nature. The very name algebra comes from the first part of the name of the book of al-Khwarazmi, entitled Kirah al-jahr wa'l-muqabalah. Abu Kamil al-Shuja' discussed algebraicequations with five unknowns. The science was further developed by such figures as al-Karajiuntil it reached its peak with Khayyam who classified by kind and class algebraic equations upto the third degree.
The Muslims also excelled in geometry as reflected in their art. The brothers Banu Musa wholived in the 9th century may be said to be the first outstanding Muslim geometers while their contemporary Thabit ibn Qurrah used the method of exhaustion, giving a glimpse of what wasto become integral calculus. Many Muslim mathematicians such as Khayyam and al-Tusi alsodealt with the fifth postulate of Euclid and the problems which follow if one tries to prove thispostulate within the confines of Eucledian geometry.
Another branch of mathematics developed by Muslims is trigonometry which was established asa distinct branch of mathematics by al-Biruni. The Muslim mathematicians, especially al-Battani,Abu'l-Wafa', Ibn Yunus and Ibn al-Haytham, also developed spherical astronomy and applied itto the solution of astronomical problems.
The love for the study of magic squares and amicable numbers led Muslims to develop thetheory of numbers. Al-Khujandi discovered a particular case of Fermat's theorem that "the sumof two cubes cannot be another cube", while alKaraji analyzed arithmetic and geometricprogressions such as: 1^3+2^3+3^3+...+n^3=( 1+2+3+...+n)^2.Al-Biruni also dealt with progressions while Ghiyath al-Din Jamshid al-Kashani brought thestudy of number theory among Muslims to its peak.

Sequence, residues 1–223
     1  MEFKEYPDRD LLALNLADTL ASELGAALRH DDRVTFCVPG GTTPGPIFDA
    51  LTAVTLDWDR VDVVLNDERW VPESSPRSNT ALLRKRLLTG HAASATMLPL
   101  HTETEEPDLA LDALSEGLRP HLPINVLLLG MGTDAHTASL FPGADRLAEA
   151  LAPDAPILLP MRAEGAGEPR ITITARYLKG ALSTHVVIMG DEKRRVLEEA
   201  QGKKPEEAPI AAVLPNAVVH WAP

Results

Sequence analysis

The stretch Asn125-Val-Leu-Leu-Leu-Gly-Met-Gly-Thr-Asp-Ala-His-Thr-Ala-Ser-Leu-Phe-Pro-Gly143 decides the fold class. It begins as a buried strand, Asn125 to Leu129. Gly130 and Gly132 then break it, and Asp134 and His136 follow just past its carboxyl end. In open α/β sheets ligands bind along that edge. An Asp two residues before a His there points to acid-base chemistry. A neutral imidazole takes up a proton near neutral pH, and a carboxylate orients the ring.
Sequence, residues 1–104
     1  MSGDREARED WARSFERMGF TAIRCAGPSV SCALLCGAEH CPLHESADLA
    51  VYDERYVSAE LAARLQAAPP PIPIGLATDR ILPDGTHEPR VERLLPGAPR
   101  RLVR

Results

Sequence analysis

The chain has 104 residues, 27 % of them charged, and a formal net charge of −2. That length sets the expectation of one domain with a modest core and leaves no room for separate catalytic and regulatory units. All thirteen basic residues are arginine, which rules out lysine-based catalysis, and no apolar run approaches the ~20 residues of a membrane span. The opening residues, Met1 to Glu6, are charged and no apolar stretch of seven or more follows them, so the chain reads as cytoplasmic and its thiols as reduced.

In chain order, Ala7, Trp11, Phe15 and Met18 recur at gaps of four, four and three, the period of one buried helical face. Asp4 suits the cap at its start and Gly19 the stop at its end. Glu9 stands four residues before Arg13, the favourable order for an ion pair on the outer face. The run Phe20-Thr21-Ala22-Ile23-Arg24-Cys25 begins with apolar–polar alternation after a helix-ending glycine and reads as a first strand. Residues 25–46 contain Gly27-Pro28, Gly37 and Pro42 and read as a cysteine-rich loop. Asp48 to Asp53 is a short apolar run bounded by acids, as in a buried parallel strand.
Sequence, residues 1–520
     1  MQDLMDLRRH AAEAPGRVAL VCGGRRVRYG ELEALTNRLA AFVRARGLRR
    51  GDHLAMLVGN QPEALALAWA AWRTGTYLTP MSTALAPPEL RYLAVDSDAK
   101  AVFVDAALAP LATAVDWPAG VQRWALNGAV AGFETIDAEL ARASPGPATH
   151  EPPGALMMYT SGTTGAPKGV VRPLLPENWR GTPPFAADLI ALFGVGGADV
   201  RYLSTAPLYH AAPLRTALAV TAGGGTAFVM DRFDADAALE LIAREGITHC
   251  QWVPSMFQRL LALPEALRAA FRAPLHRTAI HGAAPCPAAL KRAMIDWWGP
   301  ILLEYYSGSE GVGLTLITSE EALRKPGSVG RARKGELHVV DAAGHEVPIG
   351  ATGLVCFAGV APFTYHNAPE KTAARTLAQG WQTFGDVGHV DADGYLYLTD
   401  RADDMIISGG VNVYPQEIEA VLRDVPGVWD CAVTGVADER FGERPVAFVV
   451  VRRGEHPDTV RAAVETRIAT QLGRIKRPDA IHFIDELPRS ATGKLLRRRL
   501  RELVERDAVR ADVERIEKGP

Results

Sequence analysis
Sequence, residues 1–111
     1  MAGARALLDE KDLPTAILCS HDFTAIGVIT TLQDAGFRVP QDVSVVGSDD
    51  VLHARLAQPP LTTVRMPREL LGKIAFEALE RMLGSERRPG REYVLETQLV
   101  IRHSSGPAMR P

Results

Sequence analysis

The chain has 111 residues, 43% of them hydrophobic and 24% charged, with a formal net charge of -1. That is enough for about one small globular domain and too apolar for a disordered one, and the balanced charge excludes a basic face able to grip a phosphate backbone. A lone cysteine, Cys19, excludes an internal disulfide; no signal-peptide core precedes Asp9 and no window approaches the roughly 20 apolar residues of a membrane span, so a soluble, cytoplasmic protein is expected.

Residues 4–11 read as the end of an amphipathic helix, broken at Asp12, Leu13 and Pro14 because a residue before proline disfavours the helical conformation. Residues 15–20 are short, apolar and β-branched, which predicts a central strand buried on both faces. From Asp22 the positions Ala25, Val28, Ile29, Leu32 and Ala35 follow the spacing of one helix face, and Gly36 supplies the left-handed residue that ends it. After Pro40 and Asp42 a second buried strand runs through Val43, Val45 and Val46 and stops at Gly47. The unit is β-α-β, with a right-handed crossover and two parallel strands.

Physics, Balance, Projectile Motion, Optics
In the field of physics the Muslims made contributions in especially three domains. The first wasthe measurement of specific weights of objects and the study of the balance following upon thework of Archimedes. In this domain the writings of al-Biruni and al-Khazini stand out. Secondlythey criticized the Aristotelian theory of projectile motion and tried to quantify this type of motion.The critique of Ibn Sina, Abu'l-Barakat al-Baghdadi, Ibn Bajjah and others led to thedevelopment of the idea of impetus and momentum and played an important role in the criticismof Aristotelian physics in the West up to the early writings of Galileo. Thirdly there is the field of optics in which the Islamic sciences produced in Ibn al-Haytham (the Latin Alhazen) who lived inthe 11th century, the greatest student of optics between Ptolemy and Witelo. Ibn al-Haytham'smain work on optics, the Kitah al-manazir, was also well known in the West as Thesaurusopticus. Ibn al-Haytham solved many optical problems, one of which is named after him, studiedthe property of lenses, discovered the camera obscura, explained correctly the process of vision, studied the structure of the eye, and explained for the first time why the sun and themoon appear larger on the horizon. His interest in optics was carried out two centuries later byQutb al-Din al-Shirazi and Kamal al-Din al-Farisi. It was Qutb al-Din who gave the first correctexplanation of the formation of the rainbow.
It is important to recall that in physics as in many other fields of science the Muslims observed,measured and carried out experiments. They must be credited with having developed whatcame to be known later as the experimental method.